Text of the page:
Gerrety and Nelson both coached on the sophomores team through varsity.
“In my mind he was a mentor and to coach with him for every varsity win at Blaine is special,” Gerrety said. “We had a lot of good times … [Nelson] definitely is a mentor and someone I tried to emulate along with Ferguson. They are both pretty doggone good coaches.”
Gerrety pointed to how strong Nelson is not only as an on-field coach but, “the other side of him being such a good person.”
When Gerrety interviewed for the laine head football coach opening, one question revolved around doing things different while they coached together (1985-2001). “I looked the interviewer in the eye and said ‘Never did a thing wrong. Never, ever, ever would I have second guessed him. Everything was for the kids and that’s what helped make it so special,” Gerrety added. “He made me be a better coach and helped me develop relationships with the students. It’s not about the wins and losses its about the process and the kids.”
That process and shedding the spotlight are traits that Gerrety knows something about. “Dave would never tell you about the awards of accolades. He’s just that type of guy even though he’s incredibly deserving and worthy of so much more based on the lives he’s impacted. You have to be around him to see the life-changer he is.”
Once Blaine began rolling, appearances in the state playoffs followed.
In Nelson’s final season at Blaine (2001), the team lost in the Prep Bowl to Hastings 28-9.
Nelson said the decision to leave Blaine and take the Minnetonka job was, “the hardest decision I ever made.”
The Minnetonka situation offered a new challenge because the Skippers’ won-lost records the four previous seasons had been 2-8, 3-6, 3-6 and 1-8.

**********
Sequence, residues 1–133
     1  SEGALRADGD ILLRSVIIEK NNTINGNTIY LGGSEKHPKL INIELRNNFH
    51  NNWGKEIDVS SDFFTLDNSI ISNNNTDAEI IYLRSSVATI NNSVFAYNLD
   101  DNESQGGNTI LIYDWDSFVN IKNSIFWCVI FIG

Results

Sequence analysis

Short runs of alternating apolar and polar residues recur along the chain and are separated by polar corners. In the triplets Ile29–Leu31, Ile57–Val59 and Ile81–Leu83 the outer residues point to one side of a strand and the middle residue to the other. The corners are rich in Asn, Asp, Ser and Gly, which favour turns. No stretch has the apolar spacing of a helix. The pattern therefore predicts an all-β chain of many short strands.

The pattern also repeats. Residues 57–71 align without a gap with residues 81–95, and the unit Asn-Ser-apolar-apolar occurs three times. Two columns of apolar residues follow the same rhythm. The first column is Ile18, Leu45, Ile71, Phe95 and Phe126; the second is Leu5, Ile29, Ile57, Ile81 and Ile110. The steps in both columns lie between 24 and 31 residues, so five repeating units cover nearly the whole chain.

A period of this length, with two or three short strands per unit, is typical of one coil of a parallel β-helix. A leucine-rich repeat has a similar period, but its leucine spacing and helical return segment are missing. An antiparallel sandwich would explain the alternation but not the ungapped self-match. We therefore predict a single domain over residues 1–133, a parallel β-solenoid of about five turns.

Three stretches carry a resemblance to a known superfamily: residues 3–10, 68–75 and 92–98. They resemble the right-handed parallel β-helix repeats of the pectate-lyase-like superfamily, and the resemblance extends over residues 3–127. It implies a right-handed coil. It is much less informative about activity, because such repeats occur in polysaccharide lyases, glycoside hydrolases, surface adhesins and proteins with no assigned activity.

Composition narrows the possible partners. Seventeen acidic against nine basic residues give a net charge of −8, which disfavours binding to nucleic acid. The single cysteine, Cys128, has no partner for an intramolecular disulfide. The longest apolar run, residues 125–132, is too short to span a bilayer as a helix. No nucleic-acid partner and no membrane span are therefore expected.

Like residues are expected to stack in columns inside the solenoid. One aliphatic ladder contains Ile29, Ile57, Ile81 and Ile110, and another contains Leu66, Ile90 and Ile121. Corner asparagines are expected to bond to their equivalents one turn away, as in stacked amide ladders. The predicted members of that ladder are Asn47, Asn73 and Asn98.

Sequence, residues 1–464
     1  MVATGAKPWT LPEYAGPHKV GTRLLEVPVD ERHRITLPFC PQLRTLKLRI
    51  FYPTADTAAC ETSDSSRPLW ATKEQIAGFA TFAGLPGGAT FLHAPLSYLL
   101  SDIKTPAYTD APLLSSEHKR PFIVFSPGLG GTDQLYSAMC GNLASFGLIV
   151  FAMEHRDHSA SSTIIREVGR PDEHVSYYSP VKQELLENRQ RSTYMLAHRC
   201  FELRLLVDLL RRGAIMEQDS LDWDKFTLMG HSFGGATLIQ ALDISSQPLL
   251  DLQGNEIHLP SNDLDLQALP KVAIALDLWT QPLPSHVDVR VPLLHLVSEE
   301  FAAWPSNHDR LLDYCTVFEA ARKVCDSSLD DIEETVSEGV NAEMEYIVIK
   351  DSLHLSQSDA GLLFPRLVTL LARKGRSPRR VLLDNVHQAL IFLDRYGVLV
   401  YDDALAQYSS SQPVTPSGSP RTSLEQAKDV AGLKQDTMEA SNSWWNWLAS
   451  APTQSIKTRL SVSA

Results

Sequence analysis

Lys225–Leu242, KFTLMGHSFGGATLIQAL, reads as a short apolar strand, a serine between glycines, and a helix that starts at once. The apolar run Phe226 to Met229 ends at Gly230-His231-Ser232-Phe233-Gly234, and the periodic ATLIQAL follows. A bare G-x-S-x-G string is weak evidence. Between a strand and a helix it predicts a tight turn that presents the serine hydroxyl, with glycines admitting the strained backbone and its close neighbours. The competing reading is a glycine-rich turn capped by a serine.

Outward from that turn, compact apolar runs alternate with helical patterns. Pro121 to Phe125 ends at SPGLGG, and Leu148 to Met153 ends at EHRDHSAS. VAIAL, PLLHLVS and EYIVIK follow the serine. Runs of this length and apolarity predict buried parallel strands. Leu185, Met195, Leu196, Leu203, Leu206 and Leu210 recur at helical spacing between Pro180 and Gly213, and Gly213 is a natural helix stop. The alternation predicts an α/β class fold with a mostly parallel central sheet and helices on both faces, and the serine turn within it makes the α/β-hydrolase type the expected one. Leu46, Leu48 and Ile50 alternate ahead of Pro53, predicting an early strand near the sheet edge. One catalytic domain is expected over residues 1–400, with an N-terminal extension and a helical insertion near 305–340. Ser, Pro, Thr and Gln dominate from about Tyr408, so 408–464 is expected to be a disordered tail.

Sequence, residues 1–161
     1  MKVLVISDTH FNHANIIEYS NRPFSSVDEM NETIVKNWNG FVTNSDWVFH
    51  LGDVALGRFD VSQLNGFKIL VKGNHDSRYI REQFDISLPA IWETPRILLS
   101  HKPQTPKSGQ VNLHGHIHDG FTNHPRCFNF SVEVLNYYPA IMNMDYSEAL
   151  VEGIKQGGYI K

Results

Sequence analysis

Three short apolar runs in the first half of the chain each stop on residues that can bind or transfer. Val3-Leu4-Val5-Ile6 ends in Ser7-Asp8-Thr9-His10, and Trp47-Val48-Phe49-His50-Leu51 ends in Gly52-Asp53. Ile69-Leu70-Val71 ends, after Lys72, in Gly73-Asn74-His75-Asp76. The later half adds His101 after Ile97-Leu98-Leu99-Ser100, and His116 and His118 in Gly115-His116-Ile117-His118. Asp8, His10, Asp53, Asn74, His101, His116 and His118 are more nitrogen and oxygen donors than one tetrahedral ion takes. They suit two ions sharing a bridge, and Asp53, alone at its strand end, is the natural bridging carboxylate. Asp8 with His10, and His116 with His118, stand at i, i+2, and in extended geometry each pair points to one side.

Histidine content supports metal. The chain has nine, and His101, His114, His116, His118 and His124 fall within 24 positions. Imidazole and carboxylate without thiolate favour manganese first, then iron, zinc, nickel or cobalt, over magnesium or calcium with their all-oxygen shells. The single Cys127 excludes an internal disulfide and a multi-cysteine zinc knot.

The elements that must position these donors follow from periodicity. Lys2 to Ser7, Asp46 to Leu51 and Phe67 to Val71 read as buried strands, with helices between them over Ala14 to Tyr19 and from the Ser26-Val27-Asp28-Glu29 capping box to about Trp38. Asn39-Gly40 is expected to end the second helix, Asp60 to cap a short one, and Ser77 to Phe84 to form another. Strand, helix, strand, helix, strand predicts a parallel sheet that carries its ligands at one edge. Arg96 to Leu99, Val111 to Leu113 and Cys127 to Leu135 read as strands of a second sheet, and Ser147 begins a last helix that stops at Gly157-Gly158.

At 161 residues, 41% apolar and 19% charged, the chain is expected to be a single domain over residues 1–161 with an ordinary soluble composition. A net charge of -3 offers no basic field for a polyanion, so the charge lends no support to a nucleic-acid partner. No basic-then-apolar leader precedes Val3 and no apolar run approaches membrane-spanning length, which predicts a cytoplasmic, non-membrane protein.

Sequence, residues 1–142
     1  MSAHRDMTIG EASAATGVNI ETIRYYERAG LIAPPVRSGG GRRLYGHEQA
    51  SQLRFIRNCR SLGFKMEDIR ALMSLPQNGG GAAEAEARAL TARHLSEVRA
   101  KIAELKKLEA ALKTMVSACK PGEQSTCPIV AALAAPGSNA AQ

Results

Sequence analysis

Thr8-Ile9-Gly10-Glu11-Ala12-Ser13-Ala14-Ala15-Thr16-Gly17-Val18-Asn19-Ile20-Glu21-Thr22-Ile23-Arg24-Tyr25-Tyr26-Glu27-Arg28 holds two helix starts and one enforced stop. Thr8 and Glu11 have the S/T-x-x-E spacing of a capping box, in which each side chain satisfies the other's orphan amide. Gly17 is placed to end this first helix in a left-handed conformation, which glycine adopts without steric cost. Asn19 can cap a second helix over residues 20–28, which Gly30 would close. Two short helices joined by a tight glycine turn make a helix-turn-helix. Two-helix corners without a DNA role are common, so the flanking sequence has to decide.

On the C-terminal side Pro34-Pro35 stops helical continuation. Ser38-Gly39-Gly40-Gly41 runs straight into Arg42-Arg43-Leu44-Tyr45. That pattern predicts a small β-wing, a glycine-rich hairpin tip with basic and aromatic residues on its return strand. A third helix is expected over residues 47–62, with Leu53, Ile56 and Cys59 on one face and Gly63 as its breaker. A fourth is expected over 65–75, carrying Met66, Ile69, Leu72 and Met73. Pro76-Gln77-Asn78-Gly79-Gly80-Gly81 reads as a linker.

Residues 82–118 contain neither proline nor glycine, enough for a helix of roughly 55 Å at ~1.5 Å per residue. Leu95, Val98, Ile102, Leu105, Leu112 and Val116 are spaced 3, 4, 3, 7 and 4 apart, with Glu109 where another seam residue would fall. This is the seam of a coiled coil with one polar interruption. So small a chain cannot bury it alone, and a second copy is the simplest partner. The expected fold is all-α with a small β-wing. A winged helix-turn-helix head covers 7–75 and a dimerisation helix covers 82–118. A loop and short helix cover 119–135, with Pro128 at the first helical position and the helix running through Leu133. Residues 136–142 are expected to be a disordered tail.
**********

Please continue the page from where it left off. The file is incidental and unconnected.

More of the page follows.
“At the first Touchdown Club meeting, I told the group that I wanted to have the team banquet the week after the Prep Bowl,” Nelson recalled.
There were quizzical looks, but the Touchdown Club was fully on board two years later when the banquet audience clapped for the state champions.
As he reflects on his career, Nelson said his goal has always been “to make high school football a special experience for the players.”
235 career wins
Nelson has a 235-94 career record, which puts him in the upper echelon for victories.
When asked about scheduling a Blaine vs. Minnetonka game in the future, Gerrety was apprehensive at the thought.
“When it was me and Dave, neither of us wanted it,” Gerrety explained. “When you’re close to somebody like a brother, or closer, it would’ve been hard to do.”
While Nelson is one of the immortals in high school football coaching, there was a bout with mortality three years ago when he was diagnosed with prostate cancer. Luckily, he beat it, and he is now active on the board of the Tackle Cancer Foundation.
Nelson said his success would not have been possible without the support of his family, particularly his wife Maureen.
“Maureen is the best,” he said. “She has never missed a game that I’ve coached.”
Nelson’s daughters, Sarah and Ashley, were soccer and track athletes at Blaine High School, and they maintain an active interest in their dad’s coaching career.
Nothing pleases Nelson more than visiting with family members after his games.
There are usually four generations on the field between Stan, Dave, Dave and Maureen’s children and grandchildren. It is always a happy time for the coach. Football is his passion, but his first love is his family.
Editor’s note: Story was writen by John Sherman, Sun Sailor Sports Editor with contributions from Jason Olson, ABC Newspapers Sports Editor